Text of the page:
Electron diffraction explained:
Here is one of the experiments most scientists refer to show that electrons can go through 2 slits at the same time, thus proving that electrons are waves.
Another possible explanation is given below that might explain what really happened.
We recently learned the sad news that Dr. Akira Tonomura – a truly great experimentalist – passed away on May 2, 2012 during the course of treatment on pancreatic cancer.
We have been great admirers of Dr. Tonomura. Our blog’s banner is a cartoon representation of an experimental setup developed by Dr. Tonomura, through which in 1986 he showed single-electron buildups of electron wave interference fringe patterns. This experiment clearly revealed the dual nature of electrons and was described by Physics World magazine as the world’s most beautiful physics experiment, ranking above the historical experiments of Galileo Galilei and Robert Millikan.
Schematic representation of Tonomura’s experiment to demonstrate double-slit interference with one electron at a time. From D. Prutchi and S. Prutchi, “Exploring Quantum Physics Through Hands-On Projects”, J. Wiley & Sons, 2012
This figure from our book “Exploring Quantum Physics Through Hands-On Projects” shows a schematic representation of the modifications that Tonomura made to a transmission electron microscope to develop his experimental setup. Electrons are emitted from a very sharp tungsten tip by applying a potential difference of 3 to 5kV between the tip and a first anode ring through an effect known as “field emission.” These electrons are then accelerated to the second anode potential of 50kV (the de Broglie wavelength for the accelerated electrons is λ=0.0055nm). Assorted “electron optics” within the modified electron microscope attenuate and focus the electron beam so that a current of barely 1,000 electrons per second is beamed towards the double-slit.
The double-slit is actually an extremely fine wire filament (1μm diameter) placed between two conductive plates a centimeter apart. The wire is biased at a positive voltage of 10V relative to the plates. This arrangement is known as an electron biprism.
Obviously, any electrons that make it past the biprism must have gone either through one or the other side of the fine wire. Two electron lenses then magnify the interference pattern 2,000 times and project it onto a fluorescent screen. Each 50keV electron hitting the screen produces about 500 photons which generate photoelectrons inside an intensified position detector. A computer then integrates the hits to produce a final image of the electron interference pattern. Through which slit did each of the electrons go? The answer is that somehow each electron goes through both slits at the same time!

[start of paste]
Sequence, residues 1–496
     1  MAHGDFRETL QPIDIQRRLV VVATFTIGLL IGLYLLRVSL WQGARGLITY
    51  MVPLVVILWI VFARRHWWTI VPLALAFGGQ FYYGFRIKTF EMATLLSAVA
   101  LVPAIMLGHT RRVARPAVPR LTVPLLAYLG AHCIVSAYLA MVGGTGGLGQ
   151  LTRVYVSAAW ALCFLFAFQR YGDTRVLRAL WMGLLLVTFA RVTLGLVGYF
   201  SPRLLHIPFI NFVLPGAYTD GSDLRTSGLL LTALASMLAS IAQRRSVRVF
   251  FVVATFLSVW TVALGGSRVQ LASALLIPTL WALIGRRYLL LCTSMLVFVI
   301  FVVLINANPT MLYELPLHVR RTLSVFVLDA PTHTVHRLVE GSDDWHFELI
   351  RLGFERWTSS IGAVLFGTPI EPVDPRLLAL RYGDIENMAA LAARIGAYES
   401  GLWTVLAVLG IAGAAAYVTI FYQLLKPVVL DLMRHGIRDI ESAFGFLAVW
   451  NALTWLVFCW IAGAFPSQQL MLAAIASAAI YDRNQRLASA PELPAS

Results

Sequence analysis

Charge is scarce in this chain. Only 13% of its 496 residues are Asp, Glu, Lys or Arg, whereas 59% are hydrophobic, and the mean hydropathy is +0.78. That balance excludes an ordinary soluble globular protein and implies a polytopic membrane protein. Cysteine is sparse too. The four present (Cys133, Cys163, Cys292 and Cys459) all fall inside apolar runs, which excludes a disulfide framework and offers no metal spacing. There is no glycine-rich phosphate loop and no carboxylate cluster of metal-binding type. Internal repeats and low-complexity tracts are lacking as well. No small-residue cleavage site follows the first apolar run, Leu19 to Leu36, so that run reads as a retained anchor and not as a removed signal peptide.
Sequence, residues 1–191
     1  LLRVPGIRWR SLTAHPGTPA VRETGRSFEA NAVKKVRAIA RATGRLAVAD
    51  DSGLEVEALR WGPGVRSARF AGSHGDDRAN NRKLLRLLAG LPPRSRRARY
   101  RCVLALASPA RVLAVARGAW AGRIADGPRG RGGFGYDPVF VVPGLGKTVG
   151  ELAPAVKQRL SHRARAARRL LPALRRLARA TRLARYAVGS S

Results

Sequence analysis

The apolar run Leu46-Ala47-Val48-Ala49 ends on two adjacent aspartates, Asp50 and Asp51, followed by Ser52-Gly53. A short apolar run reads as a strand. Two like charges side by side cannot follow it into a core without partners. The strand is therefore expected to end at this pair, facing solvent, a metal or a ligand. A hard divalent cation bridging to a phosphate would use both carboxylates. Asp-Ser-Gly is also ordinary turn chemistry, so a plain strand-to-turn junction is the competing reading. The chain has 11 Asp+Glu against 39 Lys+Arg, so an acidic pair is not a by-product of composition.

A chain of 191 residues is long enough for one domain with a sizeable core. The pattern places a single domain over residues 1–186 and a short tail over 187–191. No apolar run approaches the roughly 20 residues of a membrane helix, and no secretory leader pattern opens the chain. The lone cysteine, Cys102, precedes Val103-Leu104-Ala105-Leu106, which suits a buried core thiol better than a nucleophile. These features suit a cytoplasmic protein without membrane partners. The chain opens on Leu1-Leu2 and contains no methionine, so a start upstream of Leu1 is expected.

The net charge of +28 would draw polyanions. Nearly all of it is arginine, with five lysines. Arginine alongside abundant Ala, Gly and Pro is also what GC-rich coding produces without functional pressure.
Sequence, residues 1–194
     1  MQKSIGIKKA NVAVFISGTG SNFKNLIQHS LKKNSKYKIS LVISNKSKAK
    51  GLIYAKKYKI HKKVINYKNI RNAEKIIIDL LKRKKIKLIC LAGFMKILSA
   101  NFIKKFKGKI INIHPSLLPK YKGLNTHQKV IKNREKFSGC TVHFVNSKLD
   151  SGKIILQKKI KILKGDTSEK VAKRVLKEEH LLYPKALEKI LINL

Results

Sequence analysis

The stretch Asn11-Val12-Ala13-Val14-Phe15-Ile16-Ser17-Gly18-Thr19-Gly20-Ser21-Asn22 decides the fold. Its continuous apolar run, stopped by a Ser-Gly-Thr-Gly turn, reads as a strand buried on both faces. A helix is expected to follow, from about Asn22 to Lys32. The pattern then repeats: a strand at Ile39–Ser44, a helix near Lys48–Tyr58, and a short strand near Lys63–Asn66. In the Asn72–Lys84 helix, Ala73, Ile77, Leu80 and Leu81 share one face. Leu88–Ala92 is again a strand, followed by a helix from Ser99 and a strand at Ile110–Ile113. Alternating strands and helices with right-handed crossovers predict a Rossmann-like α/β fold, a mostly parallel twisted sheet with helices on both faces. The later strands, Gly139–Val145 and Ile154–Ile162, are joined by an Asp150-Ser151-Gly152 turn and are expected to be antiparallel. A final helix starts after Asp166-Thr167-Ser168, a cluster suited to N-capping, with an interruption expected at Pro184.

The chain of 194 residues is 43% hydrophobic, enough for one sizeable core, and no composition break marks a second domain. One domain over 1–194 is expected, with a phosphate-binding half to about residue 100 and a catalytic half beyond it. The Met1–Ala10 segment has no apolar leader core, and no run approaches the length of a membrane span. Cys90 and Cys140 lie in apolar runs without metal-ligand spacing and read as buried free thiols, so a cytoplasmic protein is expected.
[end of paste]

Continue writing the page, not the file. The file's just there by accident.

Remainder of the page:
Another one of Dr. Tonomura’s major accomplishments was his experimental verification of the Aharonov–Bohm (AB) effect. For this experiment, Dr. Tonomura used electron holography. Tonomura fabricated a tiny toroidal ferro magnet covered with a layer of superconducting niobium to perfectly shield the magnetic field. His group then measured a phase difference between the electrons that traveled through the central hole of the toroid and those outside it. Although the electrons had only progressed through regions free of electromagnetic fields, there was an observable effect produced by the existence of vector potentials, and thus verifying the AB effect.
We are deeply saddened for the untimely death of such a great scientist.
When we are looking to find a proof of a theory, we tend to disregard other possible explanations if the results seemed to confirm the theory.
In this experiment, the electrons did not go through 2 fine slits. A fine wire was placed in their path. When an electron goes far enough from the wire, it goes strait to the screen below.
Because the wire is positive 10 volts, if the electron passes closer to the wire, it is force to go close to the wire. Some electrons touch the wire and do not go further. Some electrons passes near the wire and their path is bent a little before going to the screen. We have to remember that the surface of the wire is made only of electrons also. The electrons of the wire have a specific velocity and all the values are not possible. We say that these values are quantized, meaning they jump from on value to the other. That is why when a moving electron gets close to the wire, it will experience a force that is also quantized. That is why the screen will show regions where more electrons fall and regions where less electrons fall. They do not go through both side of the wire and they did not interfere with themselves because they are not an kind of electric wave. They are complex systems that can be produced simply by passing a high frequency light through a thin metal sheet.
Another experiment with 2 real slit was performed and can be seen at https://courses.physics.ucsd.edu/2017/Spring/physics142/Lectures/Lecture3/DoubleSlitExperiment.pdf
The results gave this picture:
They are similar to the former picture. But since the side of the slits is made of atoms and the electrons of these atoms have energy not in continuous form but as a multiple of h also, it is normal that single electrons passing through the slit gets a certain energy that is a multiple of h also. That is enough to explain the dark regions where less electrons activate the sensors. It does not necessarily means that a single electron passed though both slit as a wave and recombined as a particle when hitting the sensors.